According to this post, twenty-two Victorian councils have written to Premier Daniel Andrews demanding that something be done to allow railways to operate at above 33˚C (91.4˚F).
These councils say Victoria has “far more freight than it can move”.
The issue of these regulations is that greenhouse-intensive road and air transport have, owing to the almost absolute power of the mining and road interests over transportation in Australia combined with lack of public pressure, taken essentially all the public transportation budget. This is an unsustainable and untenable state of affairs on two grounds. The first is that road and air transportation are much more greenhouse- and energy-intensive than rail – in a nation whose soils dictate lower energy consumption by native animals than those any other in the world! The second is that, for the mass freight which Australia’s super-flat terrain is suited to producing, road and air are both very inefficient vis-à-vis rail, and would be more so were fuel less cheap.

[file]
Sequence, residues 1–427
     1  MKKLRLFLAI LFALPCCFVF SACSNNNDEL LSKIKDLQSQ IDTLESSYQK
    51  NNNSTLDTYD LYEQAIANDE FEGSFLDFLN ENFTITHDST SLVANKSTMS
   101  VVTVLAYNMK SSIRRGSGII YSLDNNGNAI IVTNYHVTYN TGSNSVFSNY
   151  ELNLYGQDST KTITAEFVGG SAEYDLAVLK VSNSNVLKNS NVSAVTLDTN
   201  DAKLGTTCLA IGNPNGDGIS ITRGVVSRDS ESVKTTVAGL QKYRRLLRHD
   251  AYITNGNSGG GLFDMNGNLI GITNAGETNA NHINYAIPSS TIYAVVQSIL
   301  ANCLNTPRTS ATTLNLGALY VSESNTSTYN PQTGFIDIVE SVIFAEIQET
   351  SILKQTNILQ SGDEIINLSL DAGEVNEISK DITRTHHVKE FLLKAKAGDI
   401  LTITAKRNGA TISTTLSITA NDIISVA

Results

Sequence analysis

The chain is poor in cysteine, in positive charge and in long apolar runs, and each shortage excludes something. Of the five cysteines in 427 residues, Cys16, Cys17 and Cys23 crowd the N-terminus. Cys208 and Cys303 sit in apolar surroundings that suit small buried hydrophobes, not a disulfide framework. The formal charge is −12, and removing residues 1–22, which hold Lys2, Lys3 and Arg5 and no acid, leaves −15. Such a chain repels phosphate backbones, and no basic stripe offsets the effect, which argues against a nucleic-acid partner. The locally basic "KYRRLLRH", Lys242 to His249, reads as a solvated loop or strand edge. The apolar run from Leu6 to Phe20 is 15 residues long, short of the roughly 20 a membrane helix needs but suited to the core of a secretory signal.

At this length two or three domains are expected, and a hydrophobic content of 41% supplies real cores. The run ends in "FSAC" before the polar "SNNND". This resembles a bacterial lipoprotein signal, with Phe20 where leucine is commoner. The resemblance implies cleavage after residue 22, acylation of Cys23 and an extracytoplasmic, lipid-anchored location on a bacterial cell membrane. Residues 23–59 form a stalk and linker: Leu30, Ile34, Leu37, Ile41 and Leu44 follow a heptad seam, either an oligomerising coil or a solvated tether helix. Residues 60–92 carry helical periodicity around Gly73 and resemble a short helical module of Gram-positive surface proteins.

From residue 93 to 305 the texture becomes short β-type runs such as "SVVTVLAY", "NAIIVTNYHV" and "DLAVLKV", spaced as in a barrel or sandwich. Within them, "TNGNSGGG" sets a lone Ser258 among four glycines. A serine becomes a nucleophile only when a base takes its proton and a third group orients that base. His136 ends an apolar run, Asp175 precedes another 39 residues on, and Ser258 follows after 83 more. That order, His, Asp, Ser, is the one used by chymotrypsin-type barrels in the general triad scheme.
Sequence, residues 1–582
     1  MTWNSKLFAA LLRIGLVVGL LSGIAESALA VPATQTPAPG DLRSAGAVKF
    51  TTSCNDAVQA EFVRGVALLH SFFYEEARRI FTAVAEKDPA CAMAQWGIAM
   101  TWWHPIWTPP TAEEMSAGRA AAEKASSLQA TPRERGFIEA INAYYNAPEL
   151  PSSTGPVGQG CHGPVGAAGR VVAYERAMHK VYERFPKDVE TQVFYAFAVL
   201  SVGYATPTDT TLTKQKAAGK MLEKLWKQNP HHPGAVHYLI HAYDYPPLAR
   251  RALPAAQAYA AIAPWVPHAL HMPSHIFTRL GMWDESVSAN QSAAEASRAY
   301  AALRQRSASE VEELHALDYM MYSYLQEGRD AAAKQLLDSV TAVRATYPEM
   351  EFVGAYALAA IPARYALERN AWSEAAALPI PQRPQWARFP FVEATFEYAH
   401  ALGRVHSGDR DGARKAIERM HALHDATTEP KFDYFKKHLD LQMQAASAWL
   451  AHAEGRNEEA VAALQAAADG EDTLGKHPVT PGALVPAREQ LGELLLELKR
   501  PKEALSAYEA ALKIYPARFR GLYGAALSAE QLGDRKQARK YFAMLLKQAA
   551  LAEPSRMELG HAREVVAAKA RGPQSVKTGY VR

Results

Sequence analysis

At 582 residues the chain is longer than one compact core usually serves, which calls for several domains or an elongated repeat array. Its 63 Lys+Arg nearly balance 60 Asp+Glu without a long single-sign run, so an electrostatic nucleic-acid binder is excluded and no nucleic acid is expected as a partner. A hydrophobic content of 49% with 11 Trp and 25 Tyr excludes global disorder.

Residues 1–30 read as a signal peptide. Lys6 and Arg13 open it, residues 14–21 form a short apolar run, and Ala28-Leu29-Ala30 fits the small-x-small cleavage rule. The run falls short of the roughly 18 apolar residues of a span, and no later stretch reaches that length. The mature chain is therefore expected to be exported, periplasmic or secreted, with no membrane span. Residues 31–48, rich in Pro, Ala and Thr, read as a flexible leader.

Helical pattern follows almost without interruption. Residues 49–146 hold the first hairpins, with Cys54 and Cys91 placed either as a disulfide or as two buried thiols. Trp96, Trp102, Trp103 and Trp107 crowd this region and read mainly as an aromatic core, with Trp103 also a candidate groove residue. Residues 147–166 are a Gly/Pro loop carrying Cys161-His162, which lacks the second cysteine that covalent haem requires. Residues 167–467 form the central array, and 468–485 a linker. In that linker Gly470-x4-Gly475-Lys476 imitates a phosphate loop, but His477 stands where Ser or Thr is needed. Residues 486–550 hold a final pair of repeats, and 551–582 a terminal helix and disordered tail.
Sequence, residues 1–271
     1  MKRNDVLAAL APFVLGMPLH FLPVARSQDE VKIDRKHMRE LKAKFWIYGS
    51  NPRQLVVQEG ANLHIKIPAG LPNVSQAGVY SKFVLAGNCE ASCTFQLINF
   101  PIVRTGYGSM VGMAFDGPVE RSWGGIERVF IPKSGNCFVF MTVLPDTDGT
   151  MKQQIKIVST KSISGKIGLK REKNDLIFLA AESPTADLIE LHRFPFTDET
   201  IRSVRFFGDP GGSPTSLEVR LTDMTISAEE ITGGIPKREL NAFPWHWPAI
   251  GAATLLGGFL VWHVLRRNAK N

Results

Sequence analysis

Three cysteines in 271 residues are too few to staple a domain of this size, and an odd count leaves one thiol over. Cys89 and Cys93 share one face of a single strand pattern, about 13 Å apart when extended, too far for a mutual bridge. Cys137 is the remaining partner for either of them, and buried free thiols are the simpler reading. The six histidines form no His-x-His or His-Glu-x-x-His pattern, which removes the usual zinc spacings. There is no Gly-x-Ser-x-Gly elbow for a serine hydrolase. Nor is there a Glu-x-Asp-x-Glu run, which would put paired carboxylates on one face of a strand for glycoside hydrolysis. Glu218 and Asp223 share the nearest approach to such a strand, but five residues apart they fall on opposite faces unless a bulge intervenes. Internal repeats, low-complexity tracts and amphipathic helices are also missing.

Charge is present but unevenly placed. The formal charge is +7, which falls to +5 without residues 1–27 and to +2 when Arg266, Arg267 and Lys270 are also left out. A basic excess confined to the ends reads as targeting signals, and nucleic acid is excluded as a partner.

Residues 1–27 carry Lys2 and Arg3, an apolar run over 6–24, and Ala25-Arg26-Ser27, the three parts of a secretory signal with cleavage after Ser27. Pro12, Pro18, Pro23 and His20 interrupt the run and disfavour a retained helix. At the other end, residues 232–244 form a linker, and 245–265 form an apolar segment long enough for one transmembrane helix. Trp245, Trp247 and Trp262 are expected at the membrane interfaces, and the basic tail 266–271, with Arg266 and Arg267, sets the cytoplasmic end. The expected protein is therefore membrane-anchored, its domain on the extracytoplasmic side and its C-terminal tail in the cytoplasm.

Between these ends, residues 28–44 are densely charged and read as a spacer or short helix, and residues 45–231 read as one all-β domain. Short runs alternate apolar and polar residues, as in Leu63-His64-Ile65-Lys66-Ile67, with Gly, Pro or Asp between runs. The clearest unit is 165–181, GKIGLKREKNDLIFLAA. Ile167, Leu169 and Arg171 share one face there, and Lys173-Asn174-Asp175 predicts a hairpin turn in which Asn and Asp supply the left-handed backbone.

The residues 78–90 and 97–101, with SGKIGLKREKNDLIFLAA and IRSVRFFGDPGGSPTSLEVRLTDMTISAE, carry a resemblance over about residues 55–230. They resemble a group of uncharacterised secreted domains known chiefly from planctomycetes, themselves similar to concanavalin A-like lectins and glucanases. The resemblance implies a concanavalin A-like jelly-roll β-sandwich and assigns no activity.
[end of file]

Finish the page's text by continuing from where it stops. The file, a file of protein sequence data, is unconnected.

Thus, we have yet one more case whereby the need to transfer en masse money spent widening freeways and highways to improving Australia’s antiquated rail system is revealed. The question is how to do it given the silent, unchallenged power of the road lobby and the unwillingness of Australia’s suburban majority to sacrifice completely their rights to unrestricted (indeed, in environmental terms, any) private car use.
I have always believed rigid constitutional amendments to put an absolute end to new highways and require the transfer of all money thus earmarked to rail as the best way, because of its simplicity and lack of compromise with the severe low-energy-consumption dictates of Australia’s ecology. The problem is how to convey to the suburban masses why they must sacrifice their lifestyle based on spacious roads, dirt-cheap fuel and unlimited private cars to avoid not only an ecological catastrophe, but major transportation problems too.
Saturday, 22 April 2017
Monday, 27 March 2017
|Morepork (Ninox novaeseelandiae)|